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Professional tennis umpires are reportedly threatening to unionize and boycott after Serena Williams accused an umpire of sexism over violations she received during her US Open championship loss to Naomi Osaka.

"There's no equality when it comes to what the men are doing to the chair umpires and what the women are doing, and I think there has to be some consistency across the board", Adams continued.

Williams, who called Ramos a "liar" and "thief" during the match she lost to Naomi Osaka, has alleged sexism played a role in the umpire docking her a game on Saturday.

The 23-time Grand Slam singles victor, one away from tying Margaret Court's record for women or men, claimed that Ramos would not have treated a male player in such a harsh manner.

"The WTA believes that there should be no difference in the standards of tolerance provided to the emotions expressed by men vs. women and is committed to working with the sport to ensure that all players are treated the same", he said.

The International Tennis Federation, the sport's governing body, came to Ramos' defense Monday, saying that his "decisions were in accordance with the relevant rules" and that he "acted at all times with professionalism and integrity". However, that show of support reportedly was too slow in the making to mollify the umpires' colleagues.

Following criticism from both inside and outside of tennis of an official who penalized Serena Williams during the women's US Open final on Saturday, other referees claim they are fearful of the same treatment.

"I'm fine, given the circumstances", Ramos told Tribuna Expresso, a Portuguese news outlet.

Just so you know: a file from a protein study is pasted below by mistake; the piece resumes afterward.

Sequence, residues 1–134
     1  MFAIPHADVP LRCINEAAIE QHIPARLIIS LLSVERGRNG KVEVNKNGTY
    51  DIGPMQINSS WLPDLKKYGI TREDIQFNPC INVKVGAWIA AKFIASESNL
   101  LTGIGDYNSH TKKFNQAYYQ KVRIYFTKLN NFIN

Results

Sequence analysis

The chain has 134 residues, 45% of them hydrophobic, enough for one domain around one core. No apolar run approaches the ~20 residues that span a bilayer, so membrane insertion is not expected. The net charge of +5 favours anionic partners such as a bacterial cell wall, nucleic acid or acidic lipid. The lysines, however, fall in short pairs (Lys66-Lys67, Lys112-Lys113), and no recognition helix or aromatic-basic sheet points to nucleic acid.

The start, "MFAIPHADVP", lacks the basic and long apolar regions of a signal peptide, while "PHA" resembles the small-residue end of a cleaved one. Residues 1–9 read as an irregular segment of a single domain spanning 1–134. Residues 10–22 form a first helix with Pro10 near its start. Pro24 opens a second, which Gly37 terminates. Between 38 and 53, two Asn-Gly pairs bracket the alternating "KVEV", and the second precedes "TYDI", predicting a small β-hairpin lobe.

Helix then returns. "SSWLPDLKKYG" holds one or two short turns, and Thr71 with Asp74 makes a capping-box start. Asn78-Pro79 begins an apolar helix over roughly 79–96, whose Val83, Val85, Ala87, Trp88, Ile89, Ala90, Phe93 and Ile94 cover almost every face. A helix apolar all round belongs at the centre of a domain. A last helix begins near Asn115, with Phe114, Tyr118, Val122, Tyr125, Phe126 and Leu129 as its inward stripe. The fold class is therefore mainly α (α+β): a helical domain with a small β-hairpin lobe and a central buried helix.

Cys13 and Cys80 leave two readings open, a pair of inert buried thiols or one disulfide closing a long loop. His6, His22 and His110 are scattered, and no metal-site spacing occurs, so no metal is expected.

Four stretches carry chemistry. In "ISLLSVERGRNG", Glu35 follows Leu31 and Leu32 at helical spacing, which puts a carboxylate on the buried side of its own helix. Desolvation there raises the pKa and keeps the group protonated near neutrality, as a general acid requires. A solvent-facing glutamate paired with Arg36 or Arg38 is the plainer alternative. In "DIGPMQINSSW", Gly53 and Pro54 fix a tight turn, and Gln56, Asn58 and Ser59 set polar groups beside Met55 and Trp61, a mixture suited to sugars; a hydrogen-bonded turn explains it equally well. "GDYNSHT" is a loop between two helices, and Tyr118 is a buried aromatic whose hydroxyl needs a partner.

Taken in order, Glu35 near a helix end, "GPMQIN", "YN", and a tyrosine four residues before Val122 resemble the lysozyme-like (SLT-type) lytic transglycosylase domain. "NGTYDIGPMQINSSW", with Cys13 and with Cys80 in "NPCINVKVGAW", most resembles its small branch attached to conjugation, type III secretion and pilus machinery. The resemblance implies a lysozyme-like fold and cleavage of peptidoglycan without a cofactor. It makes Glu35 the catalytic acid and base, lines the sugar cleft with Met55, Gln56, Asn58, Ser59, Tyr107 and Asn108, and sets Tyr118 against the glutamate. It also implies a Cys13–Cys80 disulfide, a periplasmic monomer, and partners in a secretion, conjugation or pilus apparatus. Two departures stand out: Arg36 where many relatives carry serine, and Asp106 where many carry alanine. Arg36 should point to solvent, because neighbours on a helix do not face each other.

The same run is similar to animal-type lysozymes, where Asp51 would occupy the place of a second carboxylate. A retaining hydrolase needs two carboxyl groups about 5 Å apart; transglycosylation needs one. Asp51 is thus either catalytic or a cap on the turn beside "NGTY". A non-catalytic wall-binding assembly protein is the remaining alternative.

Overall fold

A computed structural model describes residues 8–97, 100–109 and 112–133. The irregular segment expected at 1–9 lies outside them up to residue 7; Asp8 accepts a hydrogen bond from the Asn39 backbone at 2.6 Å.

During a subsequent changeover, Murray said: "I didn't say "stupid umpire", I said "stupid umpiring".

An anonymous senior umpire told the Guardian that the community, which is not supposed to talk to the press, is considering forming a union over what happened.

"The umpiring fraternity is thoroughly disturbed at being abandoned by the WTA", Richard Ings, an ex-elite Gold Badge umpire told ESPN. "They had everything to do with observing clear breaches of the grand slam code of conduct and then having the courage to call them without fear or favour".

"It's a delicate situation", Ramos said. "Don't you worry about me", the 47-year-old is quoted as saying in the newspaper.

Remarkably, Ramos will make a swift return to the umpire chair as he will officiate the Davis Cup clash between the United States and Croatia in what can be considered a questionable appointment given the various criticism the Portuguese has received over the last few days. "And women are looked at as hysterical", King said.

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